High Logistics Cost in India: One more challenge faced by the FMCG industry is the high logistics cost in India in comparison to other countries. India has a cost of around 13-14% of the sales whereas it is around 8% for the developed countries. Goods and Service Tax was a step in the right direction, because of GST there was a direct impact on how these companies managed their warehouses. Earlier, they used to have small warehouses in almost every major state to minimize the exposure to the Cross-Border Tax. But after the advent of GST, these taxes were abolished and an origin-based taxation system was introduced. As a result, they were able to use few large warehouses instead of various small warehouses and attain the benefit of economies of scale. But still, we are far from the optimal level of logistics cost.
E-Commerce A boon or Bane?: One of the key parameters of success for an FMCG company is the strength of the distribution network. With the advent of E-commerce, the same distribution network is now made available to a new entrant which might have taken Crores of Rupees before. This has made the industry more competitive. Although, there are various other positive externalities such as:
Trends to watch out
Male grooming has been one of the emerging segments in the industry given the increasing stress on personal hygiene combined with the increase in disposable income. One more segment in a market which is already the next battlefield for growth for the industry i.e. the Rural Market to watch is the Household and Personal Care. The reason? With the increased government initiatives such as Swatch Bharat Abhiyan and Beti Bachao Beti Padhao Andolan, there has been an increasing awareness about the positive externalities of maintaining good personal hygiene as well as keeping the surrounding clean. Given this increased awareness, the populace is more likely to seek out products that augment the same.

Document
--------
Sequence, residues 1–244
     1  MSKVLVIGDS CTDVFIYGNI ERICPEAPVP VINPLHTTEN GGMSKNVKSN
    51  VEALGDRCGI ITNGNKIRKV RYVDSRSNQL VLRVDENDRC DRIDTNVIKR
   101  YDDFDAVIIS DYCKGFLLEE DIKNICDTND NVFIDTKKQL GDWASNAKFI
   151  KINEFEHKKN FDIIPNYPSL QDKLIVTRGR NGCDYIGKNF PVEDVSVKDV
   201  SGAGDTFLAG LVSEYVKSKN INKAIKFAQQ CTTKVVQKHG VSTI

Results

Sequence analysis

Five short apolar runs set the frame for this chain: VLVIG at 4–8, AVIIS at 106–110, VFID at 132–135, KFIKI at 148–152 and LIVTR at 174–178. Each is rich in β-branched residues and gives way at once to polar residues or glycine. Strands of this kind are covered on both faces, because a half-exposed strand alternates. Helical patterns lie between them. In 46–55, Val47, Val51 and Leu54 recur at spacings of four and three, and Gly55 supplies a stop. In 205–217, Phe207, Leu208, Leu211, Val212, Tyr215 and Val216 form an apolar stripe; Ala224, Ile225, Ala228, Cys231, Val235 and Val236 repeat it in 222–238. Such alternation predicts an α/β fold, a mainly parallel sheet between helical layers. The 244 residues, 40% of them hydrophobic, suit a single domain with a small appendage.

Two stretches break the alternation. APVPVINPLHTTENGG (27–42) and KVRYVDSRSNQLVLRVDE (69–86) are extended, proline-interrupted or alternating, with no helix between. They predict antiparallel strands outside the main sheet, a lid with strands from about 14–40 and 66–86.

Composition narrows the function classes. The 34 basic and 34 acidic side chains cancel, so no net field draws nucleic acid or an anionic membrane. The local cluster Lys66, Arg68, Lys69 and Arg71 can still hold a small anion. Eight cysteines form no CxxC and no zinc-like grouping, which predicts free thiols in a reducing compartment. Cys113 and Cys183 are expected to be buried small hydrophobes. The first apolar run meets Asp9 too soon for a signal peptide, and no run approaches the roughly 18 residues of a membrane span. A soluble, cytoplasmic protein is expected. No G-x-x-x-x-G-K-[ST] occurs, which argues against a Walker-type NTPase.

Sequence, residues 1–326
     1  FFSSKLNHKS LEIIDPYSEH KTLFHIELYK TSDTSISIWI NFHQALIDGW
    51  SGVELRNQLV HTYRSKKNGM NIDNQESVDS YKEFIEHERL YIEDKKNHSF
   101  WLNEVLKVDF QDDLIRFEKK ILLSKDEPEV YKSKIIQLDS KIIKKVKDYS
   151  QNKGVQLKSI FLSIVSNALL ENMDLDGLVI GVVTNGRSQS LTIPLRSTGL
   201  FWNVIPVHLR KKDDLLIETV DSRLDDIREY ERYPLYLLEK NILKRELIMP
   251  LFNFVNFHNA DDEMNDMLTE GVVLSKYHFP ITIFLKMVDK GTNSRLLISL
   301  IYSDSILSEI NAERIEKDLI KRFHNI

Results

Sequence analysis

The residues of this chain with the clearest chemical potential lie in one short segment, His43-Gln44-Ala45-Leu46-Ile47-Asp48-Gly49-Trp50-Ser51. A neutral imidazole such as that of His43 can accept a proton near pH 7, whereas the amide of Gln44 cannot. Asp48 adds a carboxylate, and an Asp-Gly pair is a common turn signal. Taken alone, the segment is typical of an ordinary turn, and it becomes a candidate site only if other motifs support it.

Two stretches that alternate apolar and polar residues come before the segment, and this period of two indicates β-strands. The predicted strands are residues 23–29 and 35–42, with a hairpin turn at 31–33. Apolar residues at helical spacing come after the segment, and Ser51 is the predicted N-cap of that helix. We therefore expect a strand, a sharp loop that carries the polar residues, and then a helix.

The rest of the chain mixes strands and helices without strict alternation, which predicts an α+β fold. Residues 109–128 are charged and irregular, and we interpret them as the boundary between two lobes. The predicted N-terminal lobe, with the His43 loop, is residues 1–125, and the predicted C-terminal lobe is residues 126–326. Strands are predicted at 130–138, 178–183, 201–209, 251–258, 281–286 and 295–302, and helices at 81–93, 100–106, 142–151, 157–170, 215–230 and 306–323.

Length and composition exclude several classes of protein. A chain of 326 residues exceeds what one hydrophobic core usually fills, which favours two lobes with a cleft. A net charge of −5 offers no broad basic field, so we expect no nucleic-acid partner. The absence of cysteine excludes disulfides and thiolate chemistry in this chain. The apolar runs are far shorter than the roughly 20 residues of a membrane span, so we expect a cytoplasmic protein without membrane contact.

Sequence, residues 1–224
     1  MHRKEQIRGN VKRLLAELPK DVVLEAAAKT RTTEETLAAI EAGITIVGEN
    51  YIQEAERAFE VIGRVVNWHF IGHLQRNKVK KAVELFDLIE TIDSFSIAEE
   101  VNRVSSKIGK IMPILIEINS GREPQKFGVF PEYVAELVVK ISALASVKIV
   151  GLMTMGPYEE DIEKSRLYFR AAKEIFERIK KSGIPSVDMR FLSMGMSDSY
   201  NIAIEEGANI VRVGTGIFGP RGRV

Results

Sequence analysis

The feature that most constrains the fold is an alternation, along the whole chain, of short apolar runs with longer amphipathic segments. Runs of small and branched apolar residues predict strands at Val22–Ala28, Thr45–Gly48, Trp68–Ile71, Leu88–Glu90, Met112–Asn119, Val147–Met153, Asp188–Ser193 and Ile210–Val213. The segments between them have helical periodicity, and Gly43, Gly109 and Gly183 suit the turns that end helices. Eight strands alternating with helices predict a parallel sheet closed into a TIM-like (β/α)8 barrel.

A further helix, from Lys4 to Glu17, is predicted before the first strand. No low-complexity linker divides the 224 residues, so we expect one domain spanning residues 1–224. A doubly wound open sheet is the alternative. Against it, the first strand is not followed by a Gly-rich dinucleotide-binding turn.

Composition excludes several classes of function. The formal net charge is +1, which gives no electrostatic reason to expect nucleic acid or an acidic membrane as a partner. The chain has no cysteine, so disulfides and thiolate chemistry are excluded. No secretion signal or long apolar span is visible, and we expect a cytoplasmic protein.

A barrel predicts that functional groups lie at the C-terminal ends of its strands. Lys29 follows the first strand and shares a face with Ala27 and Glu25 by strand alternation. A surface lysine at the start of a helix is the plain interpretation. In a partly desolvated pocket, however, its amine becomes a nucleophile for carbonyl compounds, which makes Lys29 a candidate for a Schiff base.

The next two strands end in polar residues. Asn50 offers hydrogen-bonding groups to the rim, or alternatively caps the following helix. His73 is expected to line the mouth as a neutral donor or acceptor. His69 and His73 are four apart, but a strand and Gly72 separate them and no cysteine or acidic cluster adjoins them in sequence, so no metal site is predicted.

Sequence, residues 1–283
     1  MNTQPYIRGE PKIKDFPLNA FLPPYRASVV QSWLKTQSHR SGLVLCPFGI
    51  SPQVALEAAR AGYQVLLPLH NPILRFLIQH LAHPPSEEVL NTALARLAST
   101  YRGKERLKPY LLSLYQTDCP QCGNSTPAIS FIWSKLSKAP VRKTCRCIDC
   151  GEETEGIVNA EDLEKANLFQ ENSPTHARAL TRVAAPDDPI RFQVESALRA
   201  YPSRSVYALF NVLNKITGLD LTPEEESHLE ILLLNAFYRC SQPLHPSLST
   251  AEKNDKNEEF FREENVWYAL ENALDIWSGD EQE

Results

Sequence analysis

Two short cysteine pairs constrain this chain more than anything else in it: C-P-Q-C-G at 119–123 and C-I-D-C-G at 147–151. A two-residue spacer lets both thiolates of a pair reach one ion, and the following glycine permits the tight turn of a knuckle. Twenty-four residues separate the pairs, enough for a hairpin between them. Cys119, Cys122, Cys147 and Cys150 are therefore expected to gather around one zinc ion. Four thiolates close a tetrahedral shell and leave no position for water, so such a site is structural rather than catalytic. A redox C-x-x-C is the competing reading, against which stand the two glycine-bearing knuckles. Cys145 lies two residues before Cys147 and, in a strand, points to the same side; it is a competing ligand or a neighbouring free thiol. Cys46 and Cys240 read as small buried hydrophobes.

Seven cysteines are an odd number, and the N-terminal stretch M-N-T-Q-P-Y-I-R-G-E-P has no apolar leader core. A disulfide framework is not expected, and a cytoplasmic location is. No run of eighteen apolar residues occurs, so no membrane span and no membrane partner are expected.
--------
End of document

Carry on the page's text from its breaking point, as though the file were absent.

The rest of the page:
As the new generation is getting more health conscious there has been an increasing demand for healthy products be it Baked Snacks (Mondelez the snacking giant recently showed their interest to enter this vertical be it organically or inorganically) to healthier alternative to Carbonated Drinks.
There are various hurdles that are still needed to be tackled but Government is on its way to address them bit by bit. They have already taken a vow to bring down the logistics cost to sub 10% level. Various Companies such as Udaan, Amazon, Metro Cash and Carry and other E-Commerce Player are already pushing the whole framework towards formalization. On the other hand, FMCG Giants are doing their best to determine where the taste of future generations and lies and are trying to manufacture product that caters to those emerging needs. But in the recent times, the consumer spending has fallen for the first time in 40 years in India. The same can be seen via fall in sales of the FMCG giants in the Rural and Tier 1&2 cities. The time frame for which the recession may last is an issue for another blog, but one thing is clear. The FMCG industry still has a lot of potential in India and growth will come from the untapped market.
References: Cision PR NewsWire, Emami Annual Report, HDFC Bank Investment Advisory Group Sector Update, Sector Report by Accenture Strategy, HUL Investor Presentation, Investopedia, IBEF Report, EconomicTimes and Live Mint.